Not really, as there's no noun 'Brit' (although, now I come to think of it, there is in informal speech: "the Brits abroad"); so you're right
Originally Posted by Humble
On the subject of nouns, there are a few -ish words that are nothing like tallish shortish and so on. They are adjectives formed from a noun + -ish: childish, devilish, freakish, boyish.
I don't understand the joke. Could you explain it once more, a little properlier, please?
Originally Posted by BobK
Originally Posted by fantazjusz
Thank you for your try to help me! Now, I think I can understand the meaning. However, I don't think that all the adjectives in Czech can be formed by only one suffix to make such meanings; in addition, there are probably some which can't be changed to change the meaning. You would have to say "a little, quite..." (tak trochu, celkem, poměrně, etc.).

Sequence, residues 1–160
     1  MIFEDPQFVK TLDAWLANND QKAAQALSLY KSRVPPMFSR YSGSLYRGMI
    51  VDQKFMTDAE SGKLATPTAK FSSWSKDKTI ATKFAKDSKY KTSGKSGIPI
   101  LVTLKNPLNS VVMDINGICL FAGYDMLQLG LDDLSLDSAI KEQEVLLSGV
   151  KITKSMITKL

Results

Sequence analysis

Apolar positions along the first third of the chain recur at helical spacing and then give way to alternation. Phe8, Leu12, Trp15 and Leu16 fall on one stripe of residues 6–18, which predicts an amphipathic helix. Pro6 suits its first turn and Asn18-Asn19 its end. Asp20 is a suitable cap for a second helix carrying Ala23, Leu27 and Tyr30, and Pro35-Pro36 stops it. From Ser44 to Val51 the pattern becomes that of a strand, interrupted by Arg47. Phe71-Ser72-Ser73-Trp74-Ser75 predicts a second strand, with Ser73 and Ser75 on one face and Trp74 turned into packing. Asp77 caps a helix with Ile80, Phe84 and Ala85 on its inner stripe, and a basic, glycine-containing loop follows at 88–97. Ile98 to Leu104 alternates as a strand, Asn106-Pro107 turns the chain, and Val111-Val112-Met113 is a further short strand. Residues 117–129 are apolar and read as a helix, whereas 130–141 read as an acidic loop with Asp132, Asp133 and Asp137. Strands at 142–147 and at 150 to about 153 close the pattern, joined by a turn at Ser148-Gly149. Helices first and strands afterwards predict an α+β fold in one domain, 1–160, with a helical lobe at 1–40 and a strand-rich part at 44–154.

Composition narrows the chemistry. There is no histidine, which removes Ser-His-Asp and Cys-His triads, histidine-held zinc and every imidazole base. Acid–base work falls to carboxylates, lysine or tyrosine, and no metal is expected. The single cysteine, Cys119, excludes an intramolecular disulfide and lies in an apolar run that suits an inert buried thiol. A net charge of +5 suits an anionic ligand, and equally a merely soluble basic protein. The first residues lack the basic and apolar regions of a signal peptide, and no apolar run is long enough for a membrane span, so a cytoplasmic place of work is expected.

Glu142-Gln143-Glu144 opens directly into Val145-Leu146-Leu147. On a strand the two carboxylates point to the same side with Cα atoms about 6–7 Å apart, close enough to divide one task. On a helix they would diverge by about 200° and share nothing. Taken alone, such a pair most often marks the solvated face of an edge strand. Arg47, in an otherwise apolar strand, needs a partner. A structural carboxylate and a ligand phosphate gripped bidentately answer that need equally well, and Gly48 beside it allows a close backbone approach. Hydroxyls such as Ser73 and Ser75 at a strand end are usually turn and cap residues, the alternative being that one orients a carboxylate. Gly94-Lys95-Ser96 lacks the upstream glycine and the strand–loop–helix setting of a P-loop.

Anyway, greenish would be probably translated as "zelenkavý" or "nazelenalý".
"starawy"... I don't know... I'd say "starší" which means "older" or "elderly" (in this meaning, it's rather elderly; it's the comparative of the adjective "starý")... Does it mean the same as "starawy"?
In the joke Jewish sounds just like tallish. Tallish=not quite tall, Jewish=not quite a Jew. Jewish is not a qualitative adjective, that's what makes it funny.
Do you get it now?
Bob, perhaps in case of Brits one would have to spell it like Brittish.
Yes, you're right. My original post was misleading; Jew+-ish follows the pattern of my more recent post (about nouns that can take an -ish suffix.
Originally Posted by Lenka
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